Heart Failure in Women

Ileana L. Piña, Carol Buchter

Research output: Contribution to journalReview articlepeer-review

17 Scopus citations


The incidence of congestive heart failure in the US population is increasing as more women and men survive with chronic hypertensive and atherosclerotic heart disease. Almost half the patients in the US with heart failure are women. Hypertension, diabetes mellitus, and cigarette smoking are all more potent risk factors for the development of heart failure in women than in men. Important differences in presentation and mortality explain gender differences in the clinical course of heart failure. Overall mortality is lower for women than for men with symptomatic heart failure. Some but not all of this difference can be explained by a lower rate of ischemic heart disease. Standard treatments for congestive heart failure, including angiotensin converting enzyme inhibitors and beta-blockers, have been shown to be equally efficacious in men and in women. Preliminary data on angiotensin II receptor blockers suggests equivalent benefit with further trial data awaited. Peripartum cardiomyopathy is a form of heart failure unique to women, occurring in the last stages of pregnancy or within 5 months after delivery. Approximately half of affected women regain normal ventricular function but for those who do not, the risk of recurrent symptomatic heart failure and mortality during subsequent pregnancies is high.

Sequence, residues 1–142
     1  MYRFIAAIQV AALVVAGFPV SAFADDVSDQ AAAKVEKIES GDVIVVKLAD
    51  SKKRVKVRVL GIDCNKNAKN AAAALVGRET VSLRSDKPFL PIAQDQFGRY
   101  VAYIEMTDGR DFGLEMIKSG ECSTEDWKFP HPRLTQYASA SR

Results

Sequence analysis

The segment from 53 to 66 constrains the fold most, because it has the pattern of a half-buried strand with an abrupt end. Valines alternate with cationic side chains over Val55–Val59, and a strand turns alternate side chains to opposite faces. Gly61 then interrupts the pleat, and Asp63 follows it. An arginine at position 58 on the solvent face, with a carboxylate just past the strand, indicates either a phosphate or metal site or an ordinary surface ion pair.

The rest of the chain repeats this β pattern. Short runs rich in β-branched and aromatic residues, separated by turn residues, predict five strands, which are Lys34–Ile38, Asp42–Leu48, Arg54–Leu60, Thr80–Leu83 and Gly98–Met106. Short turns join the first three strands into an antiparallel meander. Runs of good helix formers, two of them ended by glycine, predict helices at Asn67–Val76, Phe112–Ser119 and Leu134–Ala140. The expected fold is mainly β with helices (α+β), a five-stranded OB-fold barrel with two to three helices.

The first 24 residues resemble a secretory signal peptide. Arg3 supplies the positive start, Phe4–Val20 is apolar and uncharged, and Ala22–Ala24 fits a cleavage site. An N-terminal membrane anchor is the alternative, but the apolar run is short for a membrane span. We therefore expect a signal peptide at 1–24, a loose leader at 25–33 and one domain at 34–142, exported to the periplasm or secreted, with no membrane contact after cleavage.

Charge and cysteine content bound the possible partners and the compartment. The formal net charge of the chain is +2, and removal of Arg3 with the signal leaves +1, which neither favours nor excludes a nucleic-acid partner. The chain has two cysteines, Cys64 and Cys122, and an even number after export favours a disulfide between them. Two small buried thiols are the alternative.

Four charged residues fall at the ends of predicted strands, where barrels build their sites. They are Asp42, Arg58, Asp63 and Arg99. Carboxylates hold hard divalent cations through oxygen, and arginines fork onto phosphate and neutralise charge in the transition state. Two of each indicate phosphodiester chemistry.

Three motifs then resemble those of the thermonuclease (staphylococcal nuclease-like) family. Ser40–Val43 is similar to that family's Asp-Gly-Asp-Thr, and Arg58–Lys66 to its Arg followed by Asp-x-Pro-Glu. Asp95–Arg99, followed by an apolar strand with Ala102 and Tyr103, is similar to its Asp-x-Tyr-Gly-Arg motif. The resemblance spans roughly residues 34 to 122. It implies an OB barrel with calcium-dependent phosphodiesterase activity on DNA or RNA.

Original languageEnglish (US)
Pages (from-to)337-344
Number of pages8
JournalCardiology in review
Issue number6
StatePublished - Nov 1 2003


  • ACE inhibitors
  • Beta blockers
  • Cardiomyopathy
  • Congestive heart failure
  • Gender differences
  • Peripartum

ASJC Scopus subject areas

  • Cardiology and Cardiovascular Medicine


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